The New Colossus

hot-on-flag As broadcast on KQED.

On Saturday, Market Street overflowed with more than a hundred thousand undaunted people. That night, one thing above all became abundantly clear.

Both civil and profane, the sound encompassed both the lady’s diction and the withering honesty of the nasty woman. Yet it was far more than that. Around the country the air carried the voice of a manifold population gathered from all manner of lived experience.

This was not the voice of me above you. Nor was it the voice of “I”. Nor “Them” against “Those”. It was the voice of “Us” demarcated neither by gender, nor age, nor geography. It spoke to what America truly is. We are strong not because we are this thing or that thing. We are strong because we are Every Thing.

In 1883 the poet Emma Lazarus wrote the words now inscribed in New York Harbor, describing that New Colossus. She towers not like a brazen giant, but “a mighty woman whose flame is imprisoned lightening, and her name, the Mother of Exiles.”

We also know her as Liberty.

She shrinks neither from fear nor the immensity of her challenge.

Send these, the tempest-tost to me, she asks. And she embraces them with a mother’s arm. This act that might speak of weakness becomes our greatest strength and reveals a moral wealth that casts shame on any gilded tower.

It rests in the belief that there can exist a nation able to accommodate all manner of creed and idea. In this way, the many, so different, can become a resolute and indivisible One.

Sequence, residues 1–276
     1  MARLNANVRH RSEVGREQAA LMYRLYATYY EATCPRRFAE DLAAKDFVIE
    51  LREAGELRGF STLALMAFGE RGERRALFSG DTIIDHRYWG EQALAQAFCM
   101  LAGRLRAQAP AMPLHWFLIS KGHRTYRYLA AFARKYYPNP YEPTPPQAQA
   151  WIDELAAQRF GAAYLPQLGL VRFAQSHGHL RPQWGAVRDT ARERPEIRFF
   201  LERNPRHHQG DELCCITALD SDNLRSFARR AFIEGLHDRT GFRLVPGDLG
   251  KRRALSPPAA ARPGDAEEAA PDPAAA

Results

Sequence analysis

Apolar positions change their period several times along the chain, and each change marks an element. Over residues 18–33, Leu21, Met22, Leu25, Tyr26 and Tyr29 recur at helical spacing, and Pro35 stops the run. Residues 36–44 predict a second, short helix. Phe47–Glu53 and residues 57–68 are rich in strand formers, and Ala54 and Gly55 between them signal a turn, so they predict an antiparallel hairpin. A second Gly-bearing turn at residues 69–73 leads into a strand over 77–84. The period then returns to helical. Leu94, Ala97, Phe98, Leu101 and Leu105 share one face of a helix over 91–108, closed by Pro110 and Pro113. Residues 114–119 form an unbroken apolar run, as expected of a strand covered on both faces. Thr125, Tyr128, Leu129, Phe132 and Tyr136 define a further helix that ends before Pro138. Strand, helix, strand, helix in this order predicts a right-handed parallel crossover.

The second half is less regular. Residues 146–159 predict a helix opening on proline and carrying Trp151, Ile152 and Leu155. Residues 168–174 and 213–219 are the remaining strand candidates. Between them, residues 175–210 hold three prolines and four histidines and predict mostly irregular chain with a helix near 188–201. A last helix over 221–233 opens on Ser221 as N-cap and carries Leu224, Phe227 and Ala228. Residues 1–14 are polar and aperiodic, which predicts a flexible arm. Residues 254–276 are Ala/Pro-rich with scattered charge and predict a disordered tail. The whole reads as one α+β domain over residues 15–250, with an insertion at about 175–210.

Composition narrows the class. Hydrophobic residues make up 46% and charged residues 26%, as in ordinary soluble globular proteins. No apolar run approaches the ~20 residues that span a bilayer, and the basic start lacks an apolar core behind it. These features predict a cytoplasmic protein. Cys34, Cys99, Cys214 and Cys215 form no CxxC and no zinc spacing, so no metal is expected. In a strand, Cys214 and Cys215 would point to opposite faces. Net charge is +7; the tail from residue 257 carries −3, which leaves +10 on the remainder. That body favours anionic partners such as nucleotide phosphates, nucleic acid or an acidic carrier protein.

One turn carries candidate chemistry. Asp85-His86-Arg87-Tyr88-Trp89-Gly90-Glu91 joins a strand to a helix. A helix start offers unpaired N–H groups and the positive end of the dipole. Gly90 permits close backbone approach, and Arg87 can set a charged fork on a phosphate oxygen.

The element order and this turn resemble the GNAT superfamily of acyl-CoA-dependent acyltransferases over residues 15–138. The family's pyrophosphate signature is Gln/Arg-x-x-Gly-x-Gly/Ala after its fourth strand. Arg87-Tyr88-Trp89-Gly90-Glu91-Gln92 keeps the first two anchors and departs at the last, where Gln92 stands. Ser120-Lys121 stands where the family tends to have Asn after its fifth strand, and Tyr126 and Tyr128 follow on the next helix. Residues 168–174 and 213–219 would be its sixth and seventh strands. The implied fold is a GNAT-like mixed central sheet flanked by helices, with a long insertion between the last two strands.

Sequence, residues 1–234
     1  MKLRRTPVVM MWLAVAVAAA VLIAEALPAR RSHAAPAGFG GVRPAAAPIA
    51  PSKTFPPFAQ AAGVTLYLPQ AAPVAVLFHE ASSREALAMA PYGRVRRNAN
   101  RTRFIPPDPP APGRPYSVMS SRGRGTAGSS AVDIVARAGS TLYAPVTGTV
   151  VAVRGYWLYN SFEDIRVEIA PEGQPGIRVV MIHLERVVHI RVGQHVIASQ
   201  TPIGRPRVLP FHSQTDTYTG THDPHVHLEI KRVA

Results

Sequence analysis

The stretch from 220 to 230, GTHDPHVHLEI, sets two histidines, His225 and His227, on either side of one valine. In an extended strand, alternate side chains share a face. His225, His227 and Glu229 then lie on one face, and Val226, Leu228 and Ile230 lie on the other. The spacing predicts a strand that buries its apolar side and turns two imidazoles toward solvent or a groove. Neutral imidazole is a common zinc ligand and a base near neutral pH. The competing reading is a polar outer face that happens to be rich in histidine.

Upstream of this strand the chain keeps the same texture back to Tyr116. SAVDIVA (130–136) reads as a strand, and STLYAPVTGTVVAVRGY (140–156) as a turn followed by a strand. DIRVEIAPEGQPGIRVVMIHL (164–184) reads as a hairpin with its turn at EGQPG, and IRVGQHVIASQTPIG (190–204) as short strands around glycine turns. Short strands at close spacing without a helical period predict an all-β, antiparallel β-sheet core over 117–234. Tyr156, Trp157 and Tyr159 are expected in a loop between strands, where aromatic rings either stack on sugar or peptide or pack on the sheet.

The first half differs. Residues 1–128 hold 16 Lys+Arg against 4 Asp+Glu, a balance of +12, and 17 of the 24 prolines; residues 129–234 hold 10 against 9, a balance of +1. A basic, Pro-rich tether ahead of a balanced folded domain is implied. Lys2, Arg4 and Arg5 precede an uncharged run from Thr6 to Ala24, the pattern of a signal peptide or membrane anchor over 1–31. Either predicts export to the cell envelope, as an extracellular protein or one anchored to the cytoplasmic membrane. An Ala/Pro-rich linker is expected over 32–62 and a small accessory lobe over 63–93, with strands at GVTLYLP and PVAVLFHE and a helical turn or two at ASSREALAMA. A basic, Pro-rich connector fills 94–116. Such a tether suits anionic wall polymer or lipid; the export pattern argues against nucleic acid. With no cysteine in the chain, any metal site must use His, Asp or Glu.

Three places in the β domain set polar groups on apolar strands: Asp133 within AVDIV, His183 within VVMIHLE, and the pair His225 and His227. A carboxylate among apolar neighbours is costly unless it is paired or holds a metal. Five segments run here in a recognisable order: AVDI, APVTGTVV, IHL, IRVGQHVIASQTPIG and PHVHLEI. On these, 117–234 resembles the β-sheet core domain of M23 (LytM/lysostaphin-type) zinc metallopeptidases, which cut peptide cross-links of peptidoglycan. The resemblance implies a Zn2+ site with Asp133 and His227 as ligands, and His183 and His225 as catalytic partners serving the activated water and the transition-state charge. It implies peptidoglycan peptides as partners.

Puzzle Solutions

Yesterday our friend Carrie sent over some photos of her puzzles inside her puzzle room.

IMG_2205A couple of observations:

  1. She has a puzzle room.
  2. She has lots of cool puzzles.

Clearly Carrie is one of the one percenters of Puzzledom.

Those vying to become our leader agree on few things.  And in these strange and fearful times, they present even fewer options.

  1. I can vote for Donny and then I will become a winner so that one day I can have a puzzle room and lots of cool puzzles of my own.
  2. I can vote for Bernie in which case we will seize Carrie’s puzzle room and puzzles and redistribute them to all the other citizens in the land of Puzzledom. (BTW, if this happens, I call dibs on the 4D puzzle of San Francisco.)
  3. I can vote for Teddy, but then only God knows what will happen (and I mean his own particular God which doesn’t include all the other Gods floating around out there.)
  4. I can vote for Hilary which will result in Carrie keeping her puzzle room and puzzles and me keeping mine and Puzzledom will muddle along much as it always has.

There is, of course, the option presented by another friend, Mary Anne, who sent over an image of her recently completed puzzle of the door to Francis Bacon’s Reece Mews studio in Kensington.

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Mary Anne presently lives in Scotland. In her world they will one day declare independence and establish their own self-governing Puzzledom in which they will drink Scotch, do drunken imitations of Scotty from Star Trek and while away the long dark evenings puzzling wistfully at Bacon’s door.

It doesn’t sound too bad at all.